Councilor Navickas said the reason he was bringing the camping ban forward is his concern about fire in the watershed.  It understands that people are sleeping in the watershed and that the ordinance is difficult to enforce. He felt a more effective approach would be to set up a Task Force or Ad-hoc Committee to address the problems, look at solutions, and maintain these people constitutional rights due to recent court decisions.  In addition, he suggested a voucher system using funding through the court system that allows people to stay in local campgrounds.  He expressed concern that the city is liable and vulnerable to court challenges of current policy because the city is not in compliance, especially around due process.  That this is a real civil liberties issue. 


Councilor Navickas agreed with staff on decriminalizing the ordinance from an infraction to a violation. He requested the ordinance change from 24-hour eviction notice to 72-hours.  He also asked for the 60-day storage of gear to go to 90-days.  His main intention with the camping ban is to have it on a future agenda for further discussion. 


Council commented on what the legal exposure is for the City with the current camping ban.  Willingness to discuss further the homeless issue and how to provide for them was noted along with the importance of acknowledging the fire danger to the watershed.  It was also noted that the 60-day storage is consistent with the City municipal code for other property seizures.


Councilor Hartzell said she has been researching homelessness and working with ACLU lawyers from the region to look at some of the studies.  She stressed that if Council is going to change the camping ban it is most responsible to bring forth some solutions or at least some options.  She definitely favors continuing to look at the issue but to move on it with the careful understanding that if the city undid the ban against camping there should be something in its place.


Councilor Chapman said he is interested in making laws consistent with state and federal law.  That he does not want to open camping in the watershed.  Councilor Navickas clarified that he opposes camping in the watershed and wanted it to be clear that this is federal land and they have their own regulations about camping in the watershed.


It was noted that there are different types of homelessness and that it was important to help those who want help getting out of their present situations.


Mr. Appicello stated that there are some housekeeping changes that need to be done with the current ordinance including clarifying the word “citation” and “infraction.”  That “citation” should be a reference to the violation and use of the work “infraction” should be clarified. Other changes included the language associated with “declaration of an emergency” and who has the authority to declare an emergency.  Mr. Appicello briefly commented on the recent cases in LA and Fresno and agreed that noticing and allowing reasonable opportunity should be consistent with State law.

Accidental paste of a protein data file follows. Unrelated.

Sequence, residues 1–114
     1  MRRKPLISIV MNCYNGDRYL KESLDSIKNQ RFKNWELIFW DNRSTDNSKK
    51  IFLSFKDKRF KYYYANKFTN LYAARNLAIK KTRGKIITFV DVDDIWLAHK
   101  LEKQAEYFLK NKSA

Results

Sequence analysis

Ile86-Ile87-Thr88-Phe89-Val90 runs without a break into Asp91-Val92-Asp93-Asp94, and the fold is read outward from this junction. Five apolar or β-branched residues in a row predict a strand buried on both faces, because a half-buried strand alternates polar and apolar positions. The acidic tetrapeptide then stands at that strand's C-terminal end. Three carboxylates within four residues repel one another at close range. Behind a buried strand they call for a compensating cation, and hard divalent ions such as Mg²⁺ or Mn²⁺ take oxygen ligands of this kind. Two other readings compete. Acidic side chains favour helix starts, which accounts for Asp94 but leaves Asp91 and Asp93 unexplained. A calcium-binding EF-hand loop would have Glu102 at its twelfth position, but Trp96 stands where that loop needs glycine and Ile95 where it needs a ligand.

City Administrator Bennett understood that there was some consensus amongst the Council for review of the current ordinance.  Staff asked that the Council provide to them their comments and suggestions and that this issue would come back to the Council for further discussion and direction.  Councilor Hartzell asked that if the Task Force is considered that it include a broader cross section of the community, clarification on definition of personal property, noticing requirements as compared to State law, how illegal campsites would be cleaned up, better understanding of court mitigation and any implications there might be if parklands are included.


Councilor Navickas motion to direct staff to return with proposed changes and alternatives for consideration by the Council including possibilities of a task force or an adhoc committee of concerned citizens who would give recommendations to the Council.  Motion died due to lack of second.


Councilor Navickas/Hartzell m/s to direct staff to bring back for further council review and includes the proposed suggestions made. Roll Call Vote: Navickas, Jackson, Chapman, Silbiger and Hartzell, YES. Motion passed.


Ms. Bennett suggested that staff would bring this issue back when the 10-Year Plan Committee is finished with their report. She explained that the City Fire Chief and the United Way had met with some of the faith providers in Ashland who are looking at could be done for the homeless. She suggested inviting the faith providers and non-profit organizations present a report on their activities prior to any further staff work other than what the Fire Chief is involved in at this time.  After she has the opportunity to speak to the Fire Chief who is out of town at this time, she will have a better understanding of the period and be in touch with the Council for their direction.


Meeting was adjourned at 10:01 p.m.


Barbara Christensen, City Recorder 
John W. Morrison, Mayor